Implementation of School Desegregation.

In the after-math of Green, the various Courts of Appeals held inadequate an increasing number of school board plans based on “freedom of choice,” on zoning which followed traditional residential patterns, or on some combination of the two.1691 The Supreme Court’s next opportunity to speak on the subject came when HEW sought to withdraw desegregation plans it had submitted at court request and asked for a postponement of a court-imposed deadline, which was reluctantly granted by the Fifth Circuit. The Court unanimously reversed and announced that “continued operation of segregated schools under a standard of allowing ‘all deliberate speed’ for desegregation is no longer constitutionally permissible. Under explicit holdings of this Court the obligation of every school district is to terminate dual school systems at once and to operate now and hereafter only unitary schools.”1692

In the October 1970 Term the Court in Swann v. Charlotte-Mecklenburg Board of Education1693 undertook to elaborate the requirements for achieving a unitary school system and delineating the methods which could or must be used to achieve it, and at the same time struck down state inhibitions on the process.1694 The opinion in Swann emphasized that the goal since Brown was the dismantling of an officially imposed dual school system. “Independent of student assignment, where it is possible to identify a ‘white school’ or a ‘Negro school’ simply by reference to the racial composition of teachers and staff, the quality of school buildings and equipment, or the organization of sports activities, a prima facie case of violation of substantive constitutional rights under the Equal Protection Clause is shown.”1695 Although “the existence of some small number of one-race, or virtually one-race, schools within a district is not in and of itself the mark of a system that still practices segregation by law,” any such situation must be closely scrutinized by the lower courts, and school officials have a heavy burden to prove that the situation is not the result of state-fostered segregation. Any desegregation plan that contemplates such a situation must before a court accepts it be shown not to be affected by present or past discriminatory action on the part of state and local officials.1696 When a federal court has to develop a remedial desegregation plan, it must start with an appreciation of the mathematics of the racial composition of the school district population; its plan may rely to some extent on mathematical ratios but it should exercise care that this use is only a starting point.1697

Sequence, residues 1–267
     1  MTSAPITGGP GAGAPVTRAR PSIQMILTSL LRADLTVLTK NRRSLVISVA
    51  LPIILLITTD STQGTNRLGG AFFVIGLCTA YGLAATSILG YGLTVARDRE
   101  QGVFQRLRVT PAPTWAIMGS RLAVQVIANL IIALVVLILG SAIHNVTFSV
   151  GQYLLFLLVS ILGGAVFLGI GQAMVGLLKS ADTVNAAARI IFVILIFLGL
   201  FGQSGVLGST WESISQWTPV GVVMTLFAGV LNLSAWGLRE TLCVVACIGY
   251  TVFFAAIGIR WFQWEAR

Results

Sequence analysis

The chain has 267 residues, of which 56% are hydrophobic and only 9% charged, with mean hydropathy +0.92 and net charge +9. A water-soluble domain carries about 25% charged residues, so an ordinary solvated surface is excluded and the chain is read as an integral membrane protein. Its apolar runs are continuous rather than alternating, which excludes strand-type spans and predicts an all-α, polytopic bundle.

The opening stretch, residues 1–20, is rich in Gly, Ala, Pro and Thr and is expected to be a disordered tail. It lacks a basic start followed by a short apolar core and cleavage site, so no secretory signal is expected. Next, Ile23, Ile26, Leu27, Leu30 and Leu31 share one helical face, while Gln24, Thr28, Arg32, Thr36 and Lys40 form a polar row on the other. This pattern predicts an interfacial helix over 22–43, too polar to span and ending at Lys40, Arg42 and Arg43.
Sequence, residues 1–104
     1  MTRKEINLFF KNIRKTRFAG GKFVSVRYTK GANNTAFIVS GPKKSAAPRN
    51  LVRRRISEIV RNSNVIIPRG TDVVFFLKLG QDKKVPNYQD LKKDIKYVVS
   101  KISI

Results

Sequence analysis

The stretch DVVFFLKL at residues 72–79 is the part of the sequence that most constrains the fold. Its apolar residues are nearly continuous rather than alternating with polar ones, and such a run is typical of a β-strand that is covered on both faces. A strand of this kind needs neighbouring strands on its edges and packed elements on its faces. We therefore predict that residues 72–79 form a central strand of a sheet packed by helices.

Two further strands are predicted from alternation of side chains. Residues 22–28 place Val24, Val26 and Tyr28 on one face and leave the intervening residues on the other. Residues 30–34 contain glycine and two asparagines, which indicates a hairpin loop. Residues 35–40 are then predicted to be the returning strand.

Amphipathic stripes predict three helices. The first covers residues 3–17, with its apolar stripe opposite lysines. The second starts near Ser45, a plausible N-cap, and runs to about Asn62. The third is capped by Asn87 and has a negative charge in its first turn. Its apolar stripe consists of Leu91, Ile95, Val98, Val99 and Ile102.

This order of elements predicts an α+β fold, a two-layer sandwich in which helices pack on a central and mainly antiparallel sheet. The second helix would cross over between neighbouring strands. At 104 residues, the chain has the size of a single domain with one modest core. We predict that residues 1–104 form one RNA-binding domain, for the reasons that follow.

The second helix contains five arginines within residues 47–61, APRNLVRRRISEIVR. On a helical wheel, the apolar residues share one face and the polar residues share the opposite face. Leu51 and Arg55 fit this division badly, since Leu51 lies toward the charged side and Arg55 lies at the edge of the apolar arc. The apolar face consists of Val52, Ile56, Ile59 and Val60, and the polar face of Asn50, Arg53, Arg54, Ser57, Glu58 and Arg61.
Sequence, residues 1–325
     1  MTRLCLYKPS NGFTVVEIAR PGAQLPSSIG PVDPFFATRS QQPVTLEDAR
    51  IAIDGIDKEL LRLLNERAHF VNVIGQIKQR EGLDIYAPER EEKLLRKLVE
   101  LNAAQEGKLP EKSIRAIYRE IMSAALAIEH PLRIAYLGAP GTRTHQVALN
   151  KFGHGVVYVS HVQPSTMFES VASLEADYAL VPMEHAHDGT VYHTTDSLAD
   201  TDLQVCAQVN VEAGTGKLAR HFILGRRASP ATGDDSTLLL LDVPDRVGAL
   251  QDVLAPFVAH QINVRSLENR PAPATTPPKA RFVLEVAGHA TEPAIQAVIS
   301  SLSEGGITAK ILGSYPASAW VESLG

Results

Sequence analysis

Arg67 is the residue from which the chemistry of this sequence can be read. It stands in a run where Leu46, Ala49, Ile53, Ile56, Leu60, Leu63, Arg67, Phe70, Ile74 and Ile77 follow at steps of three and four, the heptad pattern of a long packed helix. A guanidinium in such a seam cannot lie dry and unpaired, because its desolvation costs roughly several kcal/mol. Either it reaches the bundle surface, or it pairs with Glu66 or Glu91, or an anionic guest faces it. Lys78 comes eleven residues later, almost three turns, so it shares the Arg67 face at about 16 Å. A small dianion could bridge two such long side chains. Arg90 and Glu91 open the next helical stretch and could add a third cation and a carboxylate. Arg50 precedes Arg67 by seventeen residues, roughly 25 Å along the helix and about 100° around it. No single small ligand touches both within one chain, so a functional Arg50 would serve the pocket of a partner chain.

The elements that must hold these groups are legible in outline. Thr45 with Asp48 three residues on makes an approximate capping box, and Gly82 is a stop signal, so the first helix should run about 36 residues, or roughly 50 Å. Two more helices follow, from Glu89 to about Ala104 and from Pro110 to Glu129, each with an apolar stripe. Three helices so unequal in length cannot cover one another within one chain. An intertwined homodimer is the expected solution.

Because current attendance patterns may be attributable to past discriminatory actions in site selection and location of school buildings, the Court in Swann determined that it is permissible, and may be required, to resort to altering of attendance boundaries and grouping or pairing schools in noncontiguous fashion in order to promote desegregation and undo past official action; in this remedial process, conscious assignment of students and drawing of boundaries on the basis of race is permissible.1698 Transportation of students— busing—is a permissible tool of educational and desegregation policy, inasmuch as a neighborhood attendance policy may be inadequate due to past discrimination. The soundness of any busing plan must be weighed on the basis of many factors, including the age of the students; when the time or distance of travel is so great as to risk the health of children or significantly impinge on the educational process, the weight shifts.1699 Finally, the Court indicated, once a unitary system has been established, no affirmative obligation rests on school boards to adjust attendance year by year to reflect changes in composition of neighborhoods so long as the change is solely attributable to private action.1700


Hall v. St. Helena Parish School Bd., 417 F.2d 801 (5th Cir.), cert. denied, 396 U.S. 904 (1969); Henry v. Clarksdale Mun. Separate School Dist., 409 F.2d 682 (5th Cir.), cert. denied, 396 U.S. 940 (1969); Brewer v. School Bd. of City of Norfolk, 397 F.2d 37 (4th Cir. 1968); Clark v. Board of Educ. of City of Little Rock, 426 F.2d 1035 (8th Cir. 1970). back
Alexander v. Holmes County Bd. of Educ., 396 U.S. 19, 20 (1969). The Court summarily reiterated its point several times in the Term. Carter v. West Feliciana Parish School Board, 396 U.S. 290 (1970); Northcross v. Board of Educ. of Memphis, 397 U.S. 232 (1970); Dowell v. Board of Educ. of Oklahoma City, 396 U.S. 269 (1969). back
402 U.S. 1 (1971); see also Davis v. Board of School Comm’rs of Mobile County, 402 U.S. 33 (1971). back
McDaniel v. Barresi, 402 U.S. 39 (1971); North Carolina State Bd. of Educ. v. Swann, 402 U.S. 43 (1971). back
402 U.S. at 18. back
402 U.S. at 25–27. back
402 U.S. at 22–25. back
402 U.S. at 27–29. back
402 U.S. at 29–31. back
402 U.S. at 31–32. In Pasadena City Bd. of Educ. v. Spangler, 427 U.S. 424 (1976), the Court held that after a school board has complied with a judicially-imposed desegregation plan in student assignments and thus undone the existing segregation, it is beyond the district court’s power to order it subsequently to implement a new plan to undo the segregative effects of shifting residential patterns. The Court agreed with the dissenters, Justices Marshall and Brennan, id. at 436, 441, that the school board had not complied in other respects, such as in staff hiring and promotion, but it thought that was irrelevant to the issue of neutral student assignments. back